At 56.5 million fish, the 2019 salmon season smashes expectations
Bristol Bay’s 2019 salmon run wasn’t record-breaking. But new numbers released by the state show the season was still astounding; the preliminary exvessel price is the highest in the fishery's history.
More than 56 million fish returned to Bristol Bay this summer. That’s far more than predicted and the sixth-largest run ever recorded.
At $306.5 million, the preliminary exvessel value for the salmon season is the highest in the fishery’s history. The exvessel price is the amount of money fishermen get when they sell their salmon to a processor. But the key word here is “preliminary.”
“That total value will only go higher,” said Garrett Evridge, an economist with the McDowell Group, an Anchorage-based consulting firm.
Evridge explained that the price the Alaska Department of Fish and Game provided only includes this year’s base price of $1.35, not bonuses for things like icing and bleeding fish.
“That average price of $1.35 is only going to increase," he said. "We don’t know what the final price will be, but it will be higher than a buck thirty-five. And then that will influence the total exvessel value for the 2019 Bristol Bay harvest.”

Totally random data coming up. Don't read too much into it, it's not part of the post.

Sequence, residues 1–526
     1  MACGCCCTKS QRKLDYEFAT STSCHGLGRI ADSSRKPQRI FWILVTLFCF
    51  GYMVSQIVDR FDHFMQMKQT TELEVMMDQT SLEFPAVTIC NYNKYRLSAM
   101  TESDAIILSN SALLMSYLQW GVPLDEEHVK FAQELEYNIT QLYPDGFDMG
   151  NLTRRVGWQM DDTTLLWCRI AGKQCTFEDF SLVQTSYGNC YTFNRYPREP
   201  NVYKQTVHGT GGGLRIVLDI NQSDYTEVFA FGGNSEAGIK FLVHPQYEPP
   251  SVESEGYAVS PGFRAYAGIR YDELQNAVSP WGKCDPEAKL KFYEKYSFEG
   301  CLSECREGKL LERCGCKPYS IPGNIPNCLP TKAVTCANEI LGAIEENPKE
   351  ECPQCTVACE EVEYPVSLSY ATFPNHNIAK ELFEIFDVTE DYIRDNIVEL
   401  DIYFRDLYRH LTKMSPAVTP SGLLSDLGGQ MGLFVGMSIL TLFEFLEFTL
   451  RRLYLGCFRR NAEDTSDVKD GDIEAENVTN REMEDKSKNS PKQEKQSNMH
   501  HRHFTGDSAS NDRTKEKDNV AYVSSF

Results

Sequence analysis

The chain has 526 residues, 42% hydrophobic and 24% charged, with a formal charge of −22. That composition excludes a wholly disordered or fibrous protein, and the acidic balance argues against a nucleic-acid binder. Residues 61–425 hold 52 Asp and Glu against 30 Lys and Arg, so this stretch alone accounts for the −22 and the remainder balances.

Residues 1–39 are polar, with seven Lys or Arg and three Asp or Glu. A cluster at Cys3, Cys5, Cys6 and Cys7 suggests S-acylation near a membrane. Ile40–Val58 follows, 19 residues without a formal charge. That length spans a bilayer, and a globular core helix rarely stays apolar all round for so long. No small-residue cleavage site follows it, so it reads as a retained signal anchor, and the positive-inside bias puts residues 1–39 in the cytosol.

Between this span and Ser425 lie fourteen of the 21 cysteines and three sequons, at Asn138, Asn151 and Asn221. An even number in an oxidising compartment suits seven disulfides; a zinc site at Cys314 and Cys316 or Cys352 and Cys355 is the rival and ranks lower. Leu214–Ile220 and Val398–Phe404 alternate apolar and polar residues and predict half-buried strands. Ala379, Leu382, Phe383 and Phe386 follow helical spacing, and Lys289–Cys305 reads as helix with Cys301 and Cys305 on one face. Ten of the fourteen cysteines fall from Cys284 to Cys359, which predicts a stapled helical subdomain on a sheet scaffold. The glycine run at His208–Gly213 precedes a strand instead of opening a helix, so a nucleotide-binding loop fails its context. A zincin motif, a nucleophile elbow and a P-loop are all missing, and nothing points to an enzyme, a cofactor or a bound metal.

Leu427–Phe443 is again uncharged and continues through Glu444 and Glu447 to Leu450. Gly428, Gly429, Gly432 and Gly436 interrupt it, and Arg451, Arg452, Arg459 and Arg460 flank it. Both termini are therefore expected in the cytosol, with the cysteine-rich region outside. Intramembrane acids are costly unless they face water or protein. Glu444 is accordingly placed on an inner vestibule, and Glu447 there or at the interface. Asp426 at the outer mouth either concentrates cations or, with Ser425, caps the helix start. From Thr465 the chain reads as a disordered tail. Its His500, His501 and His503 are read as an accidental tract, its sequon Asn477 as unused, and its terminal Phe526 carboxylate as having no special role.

The final number, due out sometime next spring, will determine whether this year’s price will exceed previous seasons.
That price tag is just one in a series of big numbers from this summer. The Bristol Bay fleet hauled in 43 million fish – the second-largest harvest on record.
Tim Sands, an area management biologist for Fish and Game, says part of why the catch was so large this year is because more of the returning fish were 1-3s – that is, they had spent one year in freshwater and three in the ocean, and so had more time to grow.
“A higher percentage of older fish this year," he said. "We had bigger fish in the Nushagak, but also fishermen adapted a little bit by using smaller-mesh gear."
The enormous catch was harvested during one of the hottest, driest summers ever in Bristol Bay. In some rivers, the run was halted by thermal barriers – pockets of water that were too warm for the salmon to swim through. Sands said that was the case in the Igushik, on the west side of the bay.
“We did see and hear reports of many, many sockeye dying in that river,” Sands said.
Still, all rivers ended up meeting or exceeding their escapement, meaning enough fish went on to spawn in their natal streams and lakes. Fish and Game expects to release the final numbers for 2019 this spring.
Contact the author at email@example.com or 907-842-2200.